Borges

Borges’ Utopia

Argentine writer, Jorge Luis Borges (1899-1986) was especially known for his collections of short fictions such as The Aleph and Ficciones, where he generally dealt with metaphysical ideas about time and identity.  Furthermore, to a certain extent, his work evidences the series of political and ideological transformations he went throughout the course of his life.

In his late teens, circa 1918, while he was living in Europe, he identified with the communist ideals of the Bolshevik Revolution, an experience that encouraged him to pen the poem called Red Rythms, a poem that in his old age he was only too happy to have lost and forgotten.  In the early twenties, when he finally returned to Buenos Aires, he went through a period of nationalistic fervor to the extent of supporting the populist caudillo, Hipólito Yrigoyen, whom many consider as a forerunner of the famed authoritarian demagogue, Juan Domino Perón.  Many of his poems and essays celebrate everything Argentine, from the mythological stature of the gauchos to the slang of the suburbs of Buenos Aires.

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pawn

Reading for Writing – Story Trumps Structure

the pawhThe Pawn by Steven James

Having read 50+ books on writing I feel this book is the third most useful I have read, after only Scriptshadow Secrets by Carson Reeves and Story by Robert McKee. It examines even basic material in a memorable way which makes you more likely to use the ideas in your work. I highly recommend it. The following ideas are merely the tip of the iceberg when it comes to the insights the book contains.

What I learned, Part 1 – An example of Mr. James’s memorable phrasing is: “the ceiling fan principle.” Obviously any story needs to have tension, but the author posits that “things going wrong” is the prime mover of narrative. He uses as an example the common children’s assignment of “what did you do last summer?” Most children’s lists are mind-numbingly boring, because they are just that, lists. But one student in the author’s class said that “me and by cousins were having a contest jumping off my bunk bed to see who could get farthest. And there was this ceiling fan…” So if any scene you are writing feels flat, find the ceiling fan and you’ll be well on your way to improving it.

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Literature You Should Know: The Bible

Charlton-Heston-as-Moses-The-Ten-Commandments-1956-ParamountIt’s the #1 best-seller of all time, translated in whole or in part into over two thousand languages.  It’s been banned and burned but never totally destroyed; in fact, despite Diocletian’s best efforts, it’s the best-attested book that survives from antiquity, with Julius Caesar’s Gallic Wars a distant second.  It contains practically every genre you can think of—comedy, tragedy, archetypal narrative, lyric poetry, wisdom literature, dream-vision and allegory, family drama, courtroom drama, political thriller, history, genealogy, epistle, biography and autobiography.  An anthology of sixty-six books written over thousands of years in three different languages by kings, priests, prophets, shepherds, and fishermen, it nonetheless tells a single metanarrative story of redemption:  the history of the people of Israel, the coming of Jesus of Nazareth, and the way a simple Jewish carpenter changed the world.  And nearly two thousand years after the last words were penned, authors and filmmakers continue to grapple with its content, with mixed success.  Exodus: Gods and Kings is just the latest example proving that the Book is always better than the movie.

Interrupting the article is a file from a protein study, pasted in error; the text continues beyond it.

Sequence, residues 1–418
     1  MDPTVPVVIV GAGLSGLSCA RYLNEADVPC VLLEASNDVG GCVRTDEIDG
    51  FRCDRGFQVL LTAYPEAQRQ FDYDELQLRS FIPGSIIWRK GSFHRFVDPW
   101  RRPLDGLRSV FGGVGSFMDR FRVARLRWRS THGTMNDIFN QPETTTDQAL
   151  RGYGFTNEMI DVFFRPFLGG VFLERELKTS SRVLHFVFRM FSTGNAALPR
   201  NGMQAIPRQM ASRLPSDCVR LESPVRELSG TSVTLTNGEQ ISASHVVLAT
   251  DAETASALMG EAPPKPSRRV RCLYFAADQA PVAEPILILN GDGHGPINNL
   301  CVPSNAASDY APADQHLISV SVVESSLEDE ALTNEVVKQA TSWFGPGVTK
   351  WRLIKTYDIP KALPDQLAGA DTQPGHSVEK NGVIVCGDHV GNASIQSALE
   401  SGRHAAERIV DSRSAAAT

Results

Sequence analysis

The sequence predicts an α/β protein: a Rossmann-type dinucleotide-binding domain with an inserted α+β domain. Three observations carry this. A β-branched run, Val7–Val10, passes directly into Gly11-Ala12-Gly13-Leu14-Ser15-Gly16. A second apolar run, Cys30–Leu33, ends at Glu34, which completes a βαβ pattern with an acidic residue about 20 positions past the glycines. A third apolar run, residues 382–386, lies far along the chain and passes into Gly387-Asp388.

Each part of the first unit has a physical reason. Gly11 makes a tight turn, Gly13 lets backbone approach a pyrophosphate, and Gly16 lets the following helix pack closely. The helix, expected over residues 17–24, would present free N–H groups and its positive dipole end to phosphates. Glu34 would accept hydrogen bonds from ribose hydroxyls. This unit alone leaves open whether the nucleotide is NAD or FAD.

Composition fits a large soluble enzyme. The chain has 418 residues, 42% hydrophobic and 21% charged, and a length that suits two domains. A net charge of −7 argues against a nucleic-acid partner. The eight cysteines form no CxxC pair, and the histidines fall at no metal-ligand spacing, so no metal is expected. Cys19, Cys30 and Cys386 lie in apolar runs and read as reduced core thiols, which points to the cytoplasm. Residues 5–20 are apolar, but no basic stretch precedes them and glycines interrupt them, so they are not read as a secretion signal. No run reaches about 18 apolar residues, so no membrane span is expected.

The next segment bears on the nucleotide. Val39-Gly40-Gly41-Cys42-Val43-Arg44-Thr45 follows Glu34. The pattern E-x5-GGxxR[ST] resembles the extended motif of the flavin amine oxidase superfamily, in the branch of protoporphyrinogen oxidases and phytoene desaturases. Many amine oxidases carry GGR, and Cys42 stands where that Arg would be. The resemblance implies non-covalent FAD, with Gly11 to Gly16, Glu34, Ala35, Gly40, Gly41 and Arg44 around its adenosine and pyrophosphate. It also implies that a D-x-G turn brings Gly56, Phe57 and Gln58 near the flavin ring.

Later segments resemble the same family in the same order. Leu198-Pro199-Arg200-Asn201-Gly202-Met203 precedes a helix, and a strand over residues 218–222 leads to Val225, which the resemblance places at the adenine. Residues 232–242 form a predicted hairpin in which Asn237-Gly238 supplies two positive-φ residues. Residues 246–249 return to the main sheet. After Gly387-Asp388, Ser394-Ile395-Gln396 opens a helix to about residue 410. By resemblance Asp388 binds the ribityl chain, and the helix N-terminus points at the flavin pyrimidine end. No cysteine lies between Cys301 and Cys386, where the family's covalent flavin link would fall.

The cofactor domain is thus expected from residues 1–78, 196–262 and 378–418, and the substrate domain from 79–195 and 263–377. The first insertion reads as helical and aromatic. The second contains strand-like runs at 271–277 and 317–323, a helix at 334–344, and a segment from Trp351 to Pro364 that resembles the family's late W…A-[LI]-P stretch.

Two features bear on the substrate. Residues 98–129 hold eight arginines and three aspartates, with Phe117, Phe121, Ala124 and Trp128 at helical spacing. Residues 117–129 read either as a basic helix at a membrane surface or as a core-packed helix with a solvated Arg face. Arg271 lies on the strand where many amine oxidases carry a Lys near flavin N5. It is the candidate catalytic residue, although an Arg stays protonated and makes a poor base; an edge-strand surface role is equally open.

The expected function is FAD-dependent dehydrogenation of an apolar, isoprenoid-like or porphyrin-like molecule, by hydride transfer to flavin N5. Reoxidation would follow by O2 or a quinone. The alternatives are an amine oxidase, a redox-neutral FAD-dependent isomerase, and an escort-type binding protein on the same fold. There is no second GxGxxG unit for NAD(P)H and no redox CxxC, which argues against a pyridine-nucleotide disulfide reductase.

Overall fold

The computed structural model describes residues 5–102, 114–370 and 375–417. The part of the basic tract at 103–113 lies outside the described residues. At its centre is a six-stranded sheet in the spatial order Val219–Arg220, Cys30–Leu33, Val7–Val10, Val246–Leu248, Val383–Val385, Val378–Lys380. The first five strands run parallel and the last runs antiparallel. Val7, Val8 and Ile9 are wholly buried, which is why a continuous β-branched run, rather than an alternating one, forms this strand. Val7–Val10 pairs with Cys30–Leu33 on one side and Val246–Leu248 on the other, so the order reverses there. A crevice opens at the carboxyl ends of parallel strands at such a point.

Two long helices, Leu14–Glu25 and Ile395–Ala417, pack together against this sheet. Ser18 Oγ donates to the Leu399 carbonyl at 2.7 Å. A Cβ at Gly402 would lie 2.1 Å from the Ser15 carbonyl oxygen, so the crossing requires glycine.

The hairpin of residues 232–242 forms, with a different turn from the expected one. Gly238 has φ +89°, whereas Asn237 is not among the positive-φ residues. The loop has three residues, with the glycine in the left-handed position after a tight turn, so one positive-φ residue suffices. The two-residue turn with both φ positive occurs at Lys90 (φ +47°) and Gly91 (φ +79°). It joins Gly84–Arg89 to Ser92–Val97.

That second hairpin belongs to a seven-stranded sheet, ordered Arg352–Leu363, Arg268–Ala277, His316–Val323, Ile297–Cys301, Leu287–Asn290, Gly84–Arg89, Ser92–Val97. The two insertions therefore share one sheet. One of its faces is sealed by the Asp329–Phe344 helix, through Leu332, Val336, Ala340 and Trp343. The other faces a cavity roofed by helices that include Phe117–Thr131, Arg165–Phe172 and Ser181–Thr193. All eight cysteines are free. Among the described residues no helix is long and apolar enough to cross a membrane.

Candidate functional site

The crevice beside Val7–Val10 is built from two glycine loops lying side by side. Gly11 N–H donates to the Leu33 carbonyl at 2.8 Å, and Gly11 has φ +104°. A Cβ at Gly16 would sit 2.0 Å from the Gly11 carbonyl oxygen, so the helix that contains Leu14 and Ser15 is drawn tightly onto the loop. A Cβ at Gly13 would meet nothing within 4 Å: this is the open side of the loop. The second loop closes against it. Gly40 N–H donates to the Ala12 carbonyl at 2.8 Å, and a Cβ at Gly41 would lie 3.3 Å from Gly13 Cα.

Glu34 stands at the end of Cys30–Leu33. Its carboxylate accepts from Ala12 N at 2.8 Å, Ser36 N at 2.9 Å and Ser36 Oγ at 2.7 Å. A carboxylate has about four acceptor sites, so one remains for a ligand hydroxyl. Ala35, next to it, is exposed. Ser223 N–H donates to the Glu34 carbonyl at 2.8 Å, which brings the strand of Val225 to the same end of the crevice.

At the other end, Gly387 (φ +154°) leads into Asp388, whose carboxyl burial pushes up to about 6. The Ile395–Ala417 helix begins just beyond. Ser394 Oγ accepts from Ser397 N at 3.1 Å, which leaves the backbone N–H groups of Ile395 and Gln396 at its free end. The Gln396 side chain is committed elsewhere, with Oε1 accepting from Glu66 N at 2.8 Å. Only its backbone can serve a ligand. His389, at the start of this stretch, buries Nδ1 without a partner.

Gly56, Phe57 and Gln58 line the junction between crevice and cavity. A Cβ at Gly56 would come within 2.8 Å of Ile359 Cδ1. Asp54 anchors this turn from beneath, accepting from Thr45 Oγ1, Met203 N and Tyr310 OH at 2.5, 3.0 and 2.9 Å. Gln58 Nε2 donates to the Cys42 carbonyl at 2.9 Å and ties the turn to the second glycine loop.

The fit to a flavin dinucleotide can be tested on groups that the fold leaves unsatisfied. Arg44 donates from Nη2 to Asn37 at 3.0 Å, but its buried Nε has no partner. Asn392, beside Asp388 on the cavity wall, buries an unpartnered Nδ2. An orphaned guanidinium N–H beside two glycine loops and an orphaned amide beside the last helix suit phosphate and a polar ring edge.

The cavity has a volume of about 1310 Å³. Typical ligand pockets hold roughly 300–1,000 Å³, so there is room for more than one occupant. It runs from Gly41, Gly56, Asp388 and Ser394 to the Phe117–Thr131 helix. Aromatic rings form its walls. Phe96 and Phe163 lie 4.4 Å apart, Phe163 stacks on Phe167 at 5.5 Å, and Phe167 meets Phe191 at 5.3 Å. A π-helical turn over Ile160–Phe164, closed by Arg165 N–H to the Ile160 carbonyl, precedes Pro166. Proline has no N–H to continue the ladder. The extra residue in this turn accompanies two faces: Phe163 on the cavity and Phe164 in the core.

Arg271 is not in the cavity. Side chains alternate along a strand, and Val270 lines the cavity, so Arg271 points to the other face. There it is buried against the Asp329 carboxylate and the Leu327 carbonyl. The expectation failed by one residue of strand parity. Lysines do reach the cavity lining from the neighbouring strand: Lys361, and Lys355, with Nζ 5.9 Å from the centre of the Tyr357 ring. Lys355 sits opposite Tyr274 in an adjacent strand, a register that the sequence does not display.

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lockwood co

Reading for Writing – Lockwood and Co. – Book 1

lockwood copyLockwood and Co. by Jonathan Stroud

In a Great Britain beset by a plague of deadly ghosts only fully visible to psychically-attuned children, Lucy and her two other teenaged co-workers at Lockwood and Co. struggle to keep their exorcism business, and themselves, alive after they inadvertently burn down a client’s house.

What I learned, Part 1 – Resonance. I found this concept in the writing tips of David Farland (who has an excellent newsletter). The idea boils down to this: don’t be afraid of actively placing your influences into your writing, chances are that someone who likes the same things you do will enjoy your story all the more. Additionally, it can be an effective shortcut to making the reader experience your exact tone. Lockwood and Co. is an outstanding book, and from the first paragraph I felt it resonating with Sherlock Holmes. Lockwood and Sherlock, obviously have a connection, but beyond that, the list of failed “cases” from that opening text sound like they easily could be taken from Doyle’s writing. This dovetails perfectly with the fact that though the protagonists usually would be simply fighting the dead with silver, iron and salt, they end up embroiled in a 50 year old mystery.

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neddiad

Reading for Writing – The Neddiad

51iEr0WWlDLThe Neddiad by Daniel Pinkwater

In the late 1940’s, a boy and his quirk-tacular family take the train from Chicago to Hollywood. Along the way the boy, Ned, is entrusted with a sacred turtle and the fate of the world. Only “the guy with the turtle” can stop the machinations of a demon, present location the La Brea Tar Pits, who seeks to reverse time and bring back the age of the dinosaurs.